Chuck was classmates for two years at U of M with now-retired Ionia-Montcalm Circuit Court Judge Charles Miel, who is a cousin to Karalyn. After earning a bachelor’s degree in political science and journalism and a juris doctor in law, Chuck became a partner with Miel at the law firm of Miel, Miel & Simon while also working as an assistant prosecutor at the Montcalm County Prosecutor’s Office.
When Montcalm County Probate Court Judge Guy Wagar unexpectedly died, Michigan Gov. William Milliken appointed Chuck to the bench in 1971.
When Ionia-Montcalm Circuit Court Judge Leo Bebeau retired after 14 years, Milliken appointed Chuck to the circuit bench in 1976, a seat he would continue to hold until he retired at the end of 1998. When Chuck was appointed, he was the only Circuit Court judge at the time; however, in 1978 the Michigan Legislative approved adding a second judge to the circuit.
For two years, Chuck and Miel were Circuit Court judges at the same time — 1997 and 1998, as Chuck was nearing retirement and as Miel was just taking on his new responsibilities.
“I would describe him as a no-nonsense, learned, intelligent, professional, reasonable-thinking and decisive individual,” said Miel of his colleague. “He was able to well look at the facts of a situation and the applicable law and in that way come to a proper conclusion as to what his decision would be. In addition, he was a well-liked, fun person with whom to spend time. He had a great outlook on life and always enjoyed whatever he was doing.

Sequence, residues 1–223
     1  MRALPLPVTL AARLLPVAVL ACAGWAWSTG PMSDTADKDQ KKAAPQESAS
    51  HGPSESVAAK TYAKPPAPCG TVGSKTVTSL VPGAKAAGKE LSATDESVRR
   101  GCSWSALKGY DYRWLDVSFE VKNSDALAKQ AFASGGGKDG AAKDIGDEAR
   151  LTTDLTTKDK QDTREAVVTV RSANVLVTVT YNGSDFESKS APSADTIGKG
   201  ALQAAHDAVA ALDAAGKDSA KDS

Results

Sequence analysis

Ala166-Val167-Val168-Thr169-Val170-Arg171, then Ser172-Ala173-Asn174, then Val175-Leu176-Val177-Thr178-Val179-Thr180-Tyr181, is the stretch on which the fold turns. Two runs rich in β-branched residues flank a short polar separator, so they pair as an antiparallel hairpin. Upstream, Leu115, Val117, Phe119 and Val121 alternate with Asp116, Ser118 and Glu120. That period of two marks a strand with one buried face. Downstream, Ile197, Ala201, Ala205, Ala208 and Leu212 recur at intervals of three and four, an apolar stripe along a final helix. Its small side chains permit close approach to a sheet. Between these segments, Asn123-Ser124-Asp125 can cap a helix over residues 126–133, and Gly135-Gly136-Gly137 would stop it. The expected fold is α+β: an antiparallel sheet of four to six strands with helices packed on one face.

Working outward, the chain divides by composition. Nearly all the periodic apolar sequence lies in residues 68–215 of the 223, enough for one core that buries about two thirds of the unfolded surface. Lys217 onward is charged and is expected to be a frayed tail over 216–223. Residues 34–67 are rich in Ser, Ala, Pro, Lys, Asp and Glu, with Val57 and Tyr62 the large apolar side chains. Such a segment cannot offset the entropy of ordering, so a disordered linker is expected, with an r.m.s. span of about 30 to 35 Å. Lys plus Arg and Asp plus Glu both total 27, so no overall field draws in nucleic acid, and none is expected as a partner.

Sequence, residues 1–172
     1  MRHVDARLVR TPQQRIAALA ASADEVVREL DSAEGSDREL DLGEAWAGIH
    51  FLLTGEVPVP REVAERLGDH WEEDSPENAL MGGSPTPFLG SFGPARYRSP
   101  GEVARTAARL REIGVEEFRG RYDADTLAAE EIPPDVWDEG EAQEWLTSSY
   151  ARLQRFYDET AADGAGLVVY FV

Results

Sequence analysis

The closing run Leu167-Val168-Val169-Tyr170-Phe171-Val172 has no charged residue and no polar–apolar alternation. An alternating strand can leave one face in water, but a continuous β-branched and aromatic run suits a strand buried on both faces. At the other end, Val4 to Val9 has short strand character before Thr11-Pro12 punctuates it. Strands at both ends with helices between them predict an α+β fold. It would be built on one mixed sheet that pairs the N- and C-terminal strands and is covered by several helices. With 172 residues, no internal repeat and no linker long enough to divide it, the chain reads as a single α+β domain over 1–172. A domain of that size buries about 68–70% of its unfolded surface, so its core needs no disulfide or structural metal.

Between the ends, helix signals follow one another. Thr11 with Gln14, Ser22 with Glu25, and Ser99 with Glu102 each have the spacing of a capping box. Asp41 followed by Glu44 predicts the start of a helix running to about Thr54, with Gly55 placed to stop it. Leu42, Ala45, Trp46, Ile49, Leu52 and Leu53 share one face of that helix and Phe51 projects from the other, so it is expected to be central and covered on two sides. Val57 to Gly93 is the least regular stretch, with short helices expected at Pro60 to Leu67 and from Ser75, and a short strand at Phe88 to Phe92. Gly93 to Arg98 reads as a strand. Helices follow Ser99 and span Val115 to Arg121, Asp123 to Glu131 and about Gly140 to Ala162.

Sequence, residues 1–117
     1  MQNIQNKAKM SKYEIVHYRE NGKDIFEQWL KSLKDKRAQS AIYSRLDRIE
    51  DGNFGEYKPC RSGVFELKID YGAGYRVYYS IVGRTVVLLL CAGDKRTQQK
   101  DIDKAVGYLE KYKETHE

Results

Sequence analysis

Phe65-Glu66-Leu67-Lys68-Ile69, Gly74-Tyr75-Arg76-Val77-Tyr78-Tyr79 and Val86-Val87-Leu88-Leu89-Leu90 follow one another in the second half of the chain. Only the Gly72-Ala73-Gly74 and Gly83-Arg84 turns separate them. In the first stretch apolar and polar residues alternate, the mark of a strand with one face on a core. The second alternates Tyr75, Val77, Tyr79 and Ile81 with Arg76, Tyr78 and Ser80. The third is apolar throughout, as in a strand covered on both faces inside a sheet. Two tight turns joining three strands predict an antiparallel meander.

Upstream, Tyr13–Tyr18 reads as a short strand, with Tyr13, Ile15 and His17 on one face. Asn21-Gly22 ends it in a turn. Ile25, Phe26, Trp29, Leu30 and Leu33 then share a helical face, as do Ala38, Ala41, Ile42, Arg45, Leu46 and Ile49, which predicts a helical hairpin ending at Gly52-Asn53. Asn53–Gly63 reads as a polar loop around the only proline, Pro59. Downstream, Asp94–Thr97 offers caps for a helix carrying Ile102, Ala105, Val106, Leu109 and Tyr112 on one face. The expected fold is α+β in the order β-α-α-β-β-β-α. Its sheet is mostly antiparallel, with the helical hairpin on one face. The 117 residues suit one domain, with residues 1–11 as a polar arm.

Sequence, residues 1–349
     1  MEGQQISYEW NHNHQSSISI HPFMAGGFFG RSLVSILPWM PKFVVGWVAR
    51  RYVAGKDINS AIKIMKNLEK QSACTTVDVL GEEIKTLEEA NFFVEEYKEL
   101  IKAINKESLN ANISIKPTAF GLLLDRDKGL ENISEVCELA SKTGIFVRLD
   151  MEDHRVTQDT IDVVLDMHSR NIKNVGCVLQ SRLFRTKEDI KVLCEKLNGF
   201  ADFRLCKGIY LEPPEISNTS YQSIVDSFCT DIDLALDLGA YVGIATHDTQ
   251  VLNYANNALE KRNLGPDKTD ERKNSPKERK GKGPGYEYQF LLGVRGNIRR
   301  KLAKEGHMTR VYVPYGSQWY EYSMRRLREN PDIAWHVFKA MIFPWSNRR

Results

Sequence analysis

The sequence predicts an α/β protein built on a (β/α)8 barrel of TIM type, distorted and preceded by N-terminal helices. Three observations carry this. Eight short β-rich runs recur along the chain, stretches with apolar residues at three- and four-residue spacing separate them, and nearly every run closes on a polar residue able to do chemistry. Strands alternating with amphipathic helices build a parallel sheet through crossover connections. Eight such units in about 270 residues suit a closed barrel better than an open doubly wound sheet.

“He had, and still has, my greatest respect and admiration as a person, community member, lawyer and judge for all he did and accomplished,” Miel added. “He will be missed.”
Montcalm County Prosecutor Andrea Krause handled her first felony trial in front of Chuck in 1990. He went on to appoint her prosecutor in 1998.
“Judge Simon was a great judge,” Krause said. “Knowing I had his support helped me continue what is now a 30-year career as a prosecutor. For that, I will always be grateful.”
Chuck and Karalyn lived at their Edmore residence on First Street for 55 years, across the street from the house where Karalyn was born. They enjoyed wintering in California for the last 23 years and they were both honored as grand marshals of Edmore’s Potato Festival last summer.
Chuck was very involved in his community throughout his lifetime, serving on the board for the now-defunct Tri County Community Hospital in Edmore from 1961 to 1970, the Edmore Village Council from 1962 to 1967 and the Montcalm Area Intermediate School District (MAISD) Board from 1964 to 1976. After retiring from the bench in 1998, he presided over the civil trial docket in Oakland County by assignment until 2010.
Chuck also played an important role in the creation of Montcalm Community College (MCC).
According to MCC Communications Director Shelly Strautz-Springborn, the MAISD initiated a feasibility study in 1963 to explore creating a community college. MAISD Superintendent William Seiter facilitated the initial groundwork and the study was completed in 1964, led by Chuck as chairman of the steering committee, along with Vice Chairman Phil Peasley and Secretary Dee Cook.
Chuck compiled and printed a final report regarding the college idea under the direction of Dr. Max S. Smith of the Office of Community College Cooperation at Michigan State University, according to Strautz-Springborn. A publicity committee was established to promote the idea of the college, which eventually opened in 1965.
And the rest is history.